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Fergus woman brought comfort by sharing love of teddy bears

In this Journeys feature we recognize the contribution of Judith 'Judy' Wansbrough and the tokens of love and comfort she provided to people in need

Simple acts of kindness can go a long way to comfort people of all ages during times of illness, sadness or distress. It's something Judy Wansbrough learned and shared with others time and again by gifting stuffed animals to sick children and seniors.

“Senior citizens have been shown to adjust better to the stress of intensive care and surgery if they have a teddy,” Wansbrough told reporters in May of 1987 on the eve of the fifth annual Great Teddy Bear Caper festival in Fergus. “These patients can’t communicate, but their loneliness is eased if they can have a teddy bear because it’s a warm cuddly object, which shares their own inability to communicate.”

They were prophetic words given that Wansbrough went on to struggle with grief and loneliness after the death of her beloved husband Lee and would, herself, become unable to communicate later in life after suffering a stroke.

“Both of them were avid collectors of teddy bears,” said physician and friend Barbara Evadne Clunes. “They collected teddy bears from all over the world. Sometimes people think, when you say somebody is a collector, that person, maybe, has a dozen or two or a hundred or so. No, they had about 3,000 teddy bears at last count.”

Lee and Judy Wansbrough founded the Elora-Fergus chapter of Den of the Good Bears of the World, an international organization that collects and distributes teddy bears to sick children, seniors and anyone else that has been traumatized or is simply in need of a soft, comforting embrace.

“Judy and Lee organized and operated Good Bears of the World in Canada,” said Terri Stong executive director of the organization. “Judy was a lifetime member of Good Bears of the World.” 

They started the Canadian den in 1987 and distributed thousands of teddy bears over the following 25 years.

“They were very energetic in donating bears for the purpose of bringing children happiness and to people in long-term homes and to children in hospital,” said Clunes. “They also felt that children at certain times would be in a traumatic situation and could be helped by a teddy bear.”

Judy and Lee, who was affectionately known as the Chair Bear, were able to convince local police services to carry teddy bears in their cruisers to calm young victims experiencing trauma. It is a practice that has been adopted by police around the world.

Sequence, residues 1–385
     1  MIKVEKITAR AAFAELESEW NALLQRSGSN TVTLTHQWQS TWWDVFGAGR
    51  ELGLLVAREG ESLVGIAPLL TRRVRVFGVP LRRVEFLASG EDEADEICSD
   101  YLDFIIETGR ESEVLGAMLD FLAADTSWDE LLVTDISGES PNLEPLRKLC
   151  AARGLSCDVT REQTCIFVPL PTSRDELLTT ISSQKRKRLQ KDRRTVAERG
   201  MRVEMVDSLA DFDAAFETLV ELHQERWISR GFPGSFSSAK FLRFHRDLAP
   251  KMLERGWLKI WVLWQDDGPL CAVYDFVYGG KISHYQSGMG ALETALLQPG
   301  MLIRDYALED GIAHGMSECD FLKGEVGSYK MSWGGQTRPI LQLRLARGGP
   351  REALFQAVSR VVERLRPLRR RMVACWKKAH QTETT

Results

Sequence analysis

“So, they were able to place teddy bears in the department of the OPP,” said Clunes. “They placed teddy bears in the OPP cars in the area and even a teddy bear in an OPP helicopter, I know that.”

Clunes met the couple 34 years ago and remained a close friend to Judy for the rest of her life.

“It was two years or so after I came to live in Fergus,” Clunes said. “I was treating her husband. So, I met her at that time. I began to take care of both of them through their illnesses. I only knew them on a medical level for a long time. It wasn’t until she became really ill and disabled that I started to be a lot closer with her.”

She remembers them as guarding their privacy but also being a very positive and festive couple. 

“They lived a very private life and even though I got to know them, you knew that you didn’t know everything about them,” said Clunes. “Both of them just loved Christmas. I used to be invited to their Christmas parties every year and when you went inside their house, I don’t think I am exaggerating, every inch of the house was decorated.” 

Judy worked at the University of Guelph but retired in 2012 shortly after Lee’s death.

“When he died, she was absolutely shattered,” Clunes said. “She grieved for a very long time. She just couldn’t come to grips with it. Some people seem to eventually adapt to loss and grief, but she never did.”

They had no children and had distanced themselves from any extended family.

“During that time her family were this small group of people from the local Anglican Church,” said Clunes. “She was never alone because the nurses or the staff at Caressant Care Nursing Home where she lived, came from their home to visit her even when they were off duty. That just shows you the kind of effect she had on them.” 

Nevertheless, declining health prevented Judy from fully enjoying her retirement.

“She wasn’t retired for very long before these chronic illnesses disabled her,” said Clunes. “She had two strokes. They disabled her so she became wheelchair bound. But the really sad thing was that she was unable to converse. She could understand everything you said, and she was just so frustrated trying to join in conversation, but she just could not.”

Judy was able to repeat half a dozen sentences that were usually out of context to the conversation but one of those phrases stood out for Clunes.

“She would say, ‘I can do it,’” Clunes recalled. “That sentence was a real testament to her courage and her grace during intense adversity and frustration. She remained upbeat. She was cheerful.”

Judy’s independence and positivity were infectious to all who knew her.

“From the minute that I met her I recognised that she was a very perceptive person and also very articulate,” said Clunes. “She had very strong opinions and she got herself in trouble sometimes because she had no problem expressing these opinions. In that way she was a character. I would visit her and people would ask me how she was and I would tell them that after the visit, I felt inspired and uplifted. I went there to help her, but I came away feeling better. It was a totally amazing thing.”

Judith “Judy” Louise Wansbrough died Aug. 8, 2021, surrounded by a collection of her favourite teddy bears. She was 74 years old.

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